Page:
(First of all, just a note, I am alive and well, this is actually being posted on Sunday, from Fort Augustus, the first wifi I’ve had in a couple days).
I have no idea why Friday the 13th gets such a bad wrap, besides a tie to 1307 when the Tmplars were brutally sabotaged. I’m staying at the Altbeneithe Youth Hostel. no wifi , no heat but in the kitchen, carry out all your own waste (no worries, not that waste., at least I thought when it was pointed out that oh we’re expected to carry out any paper used, as well), and it is wonderful. All thanks to Tony, a Brit who’s hiking chum couldn’t make it.
That’s Tony who is doing his ninth TGO and has finished seven. But I get ahead of myself. Let’s start at the beginning. As you remember I am an idiot and had left my boots in Oxfordshire because I was so concerned about my non-waterproof kit. That took my mind off the boots only confirming how distracted I can get. Oh, look at the lovely sunset. But I degrese. Thanks to NIck, he shipped them via TNT (not the explosive) to my hotel in Shiel Bridge.
Now the boots were coming from a tiny village in Oxfordshire to a Hamlet in the west of Scotland, remember a Hamlet is more than a To Be Or Not TO Be A viable community, they are charming places to live.
By now to the other TGO’rs, I was the American who forgot his boots and when I showed them the slip ons I was considering walking in, the young ones laughed and the older ones wept. Which means most everyone, save five or six, were weaping. As I’ve mentioned, it is an older crowd.
As my new best friends were leaving, I met Herman, Dutch, who had left his walking poles on the bus to Shiel Bridge. We looked at each other, me without boots and him without poles and I wondered, which is better, to be deaf or blind?
Having talked with TNT in Inverness, I learned my package would arrive there around 11 and possibly be here by 1PM. So I decided to wait for good news. And I got it, the boots arrived, were delivered by 12:45 and I was one the trail at 1pM.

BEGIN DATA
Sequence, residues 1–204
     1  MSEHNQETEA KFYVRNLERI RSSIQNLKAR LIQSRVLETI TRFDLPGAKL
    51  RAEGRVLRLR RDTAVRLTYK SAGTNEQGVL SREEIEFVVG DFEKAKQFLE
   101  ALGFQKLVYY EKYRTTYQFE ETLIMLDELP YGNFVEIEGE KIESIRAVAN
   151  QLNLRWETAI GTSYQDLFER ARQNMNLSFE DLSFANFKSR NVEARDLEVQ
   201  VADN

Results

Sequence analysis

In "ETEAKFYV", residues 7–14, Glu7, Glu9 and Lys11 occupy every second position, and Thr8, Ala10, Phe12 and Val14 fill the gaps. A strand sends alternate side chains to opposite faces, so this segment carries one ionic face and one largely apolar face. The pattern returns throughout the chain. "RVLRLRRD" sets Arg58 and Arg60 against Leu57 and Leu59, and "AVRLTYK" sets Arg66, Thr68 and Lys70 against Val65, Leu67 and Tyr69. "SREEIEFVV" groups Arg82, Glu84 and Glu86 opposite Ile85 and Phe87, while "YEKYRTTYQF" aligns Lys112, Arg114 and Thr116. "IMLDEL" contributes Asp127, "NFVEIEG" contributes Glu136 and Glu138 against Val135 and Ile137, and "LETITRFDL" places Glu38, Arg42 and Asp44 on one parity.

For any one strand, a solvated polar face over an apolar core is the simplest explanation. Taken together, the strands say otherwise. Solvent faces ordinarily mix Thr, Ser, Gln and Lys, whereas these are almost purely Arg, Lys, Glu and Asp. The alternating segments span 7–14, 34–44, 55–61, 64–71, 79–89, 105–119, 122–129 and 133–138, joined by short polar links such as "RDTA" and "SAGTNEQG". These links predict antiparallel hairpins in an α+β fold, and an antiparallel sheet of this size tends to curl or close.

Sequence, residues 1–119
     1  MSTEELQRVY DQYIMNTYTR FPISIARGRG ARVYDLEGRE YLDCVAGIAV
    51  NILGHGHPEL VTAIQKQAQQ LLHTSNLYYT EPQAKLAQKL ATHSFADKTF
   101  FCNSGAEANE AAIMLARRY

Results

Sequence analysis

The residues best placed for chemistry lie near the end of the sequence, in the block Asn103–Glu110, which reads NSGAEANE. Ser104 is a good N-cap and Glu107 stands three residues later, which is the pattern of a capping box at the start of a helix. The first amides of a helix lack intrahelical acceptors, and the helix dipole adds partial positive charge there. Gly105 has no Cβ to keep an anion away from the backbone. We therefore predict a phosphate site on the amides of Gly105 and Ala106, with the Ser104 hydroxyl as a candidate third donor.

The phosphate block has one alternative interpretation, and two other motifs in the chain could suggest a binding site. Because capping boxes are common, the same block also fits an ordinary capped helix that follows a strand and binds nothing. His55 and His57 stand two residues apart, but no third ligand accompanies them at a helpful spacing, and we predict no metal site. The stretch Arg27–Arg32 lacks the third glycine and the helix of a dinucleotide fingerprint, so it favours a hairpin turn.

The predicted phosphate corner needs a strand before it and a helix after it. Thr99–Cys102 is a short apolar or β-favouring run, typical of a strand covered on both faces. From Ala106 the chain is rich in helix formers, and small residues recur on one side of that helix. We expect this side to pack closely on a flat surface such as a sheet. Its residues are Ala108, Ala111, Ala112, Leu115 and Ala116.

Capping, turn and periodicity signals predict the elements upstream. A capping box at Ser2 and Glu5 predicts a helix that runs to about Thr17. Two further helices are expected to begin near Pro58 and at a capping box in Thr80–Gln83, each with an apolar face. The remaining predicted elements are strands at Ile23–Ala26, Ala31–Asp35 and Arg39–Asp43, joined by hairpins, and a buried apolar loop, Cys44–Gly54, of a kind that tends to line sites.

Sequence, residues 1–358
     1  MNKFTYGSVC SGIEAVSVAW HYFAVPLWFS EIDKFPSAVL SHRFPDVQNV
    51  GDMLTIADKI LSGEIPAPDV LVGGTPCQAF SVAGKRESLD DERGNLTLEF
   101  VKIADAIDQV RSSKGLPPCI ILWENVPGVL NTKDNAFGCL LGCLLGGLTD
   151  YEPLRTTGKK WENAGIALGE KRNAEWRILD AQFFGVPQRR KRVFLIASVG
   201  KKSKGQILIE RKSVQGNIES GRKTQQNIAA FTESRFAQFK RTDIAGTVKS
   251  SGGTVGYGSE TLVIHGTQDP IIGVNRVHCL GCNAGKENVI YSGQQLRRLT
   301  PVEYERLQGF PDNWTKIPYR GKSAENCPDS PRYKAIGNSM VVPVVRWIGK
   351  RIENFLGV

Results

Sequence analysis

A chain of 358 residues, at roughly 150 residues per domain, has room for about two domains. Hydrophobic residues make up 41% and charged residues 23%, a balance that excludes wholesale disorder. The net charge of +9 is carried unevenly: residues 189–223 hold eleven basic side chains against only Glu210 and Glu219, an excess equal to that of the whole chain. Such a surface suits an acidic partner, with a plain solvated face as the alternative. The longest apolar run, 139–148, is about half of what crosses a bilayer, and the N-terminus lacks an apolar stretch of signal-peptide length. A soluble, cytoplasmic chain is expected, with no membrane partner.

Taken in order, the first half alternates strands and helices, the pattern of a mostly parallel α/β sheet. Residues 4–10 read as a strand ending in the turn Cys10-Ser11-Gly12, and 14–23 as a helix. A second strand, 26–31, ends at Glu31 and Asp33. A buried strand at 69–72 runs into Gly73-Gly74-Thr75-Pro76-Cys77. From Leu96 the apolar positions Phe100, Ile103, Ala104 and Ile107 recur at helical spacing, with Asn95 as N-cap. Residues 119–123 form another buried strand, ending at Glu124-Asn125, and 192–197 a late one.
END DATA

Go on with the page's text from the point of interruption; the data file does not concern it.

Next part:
I hit the trail and marched on for a mile or two and came to a fork in the road. There were two routes towards Glen Affric (not to be confused with Ben Affleck) and the Altbeithe Hostel, the oldest hostel in Scotland. Mine was the northern route, through bogs and a steady ascent, the other was the southern route, with a 1200 meter ascent, sort of straight up. No let me get this correct, straight up.
A couple of French hikers came down the path and I asked them, but their English was limited. I showed them where I wanted to go and mentioned another late hiker from the hotel had left and was wearing a red hat. Did they see anyone in a red hat? I used my meager French on a young woman, saying something like rouge, touque, chappel, and rouge a levres. She suddenly looked very frightened point up the path on the right and hurried away with her friends. It was about 20 minutes later I realized she thought I was asking to use her red lipstick. Sad, haven’t worn it in years.
So I trekked on, made the climb and and it was stupendous.
The trail up was much like this:
Rewaxing pants and jacket? 20 quid
Shipping boots to Shiel Bridge? 60 quid.
Doing the Great Oudoor Challenge? Priceless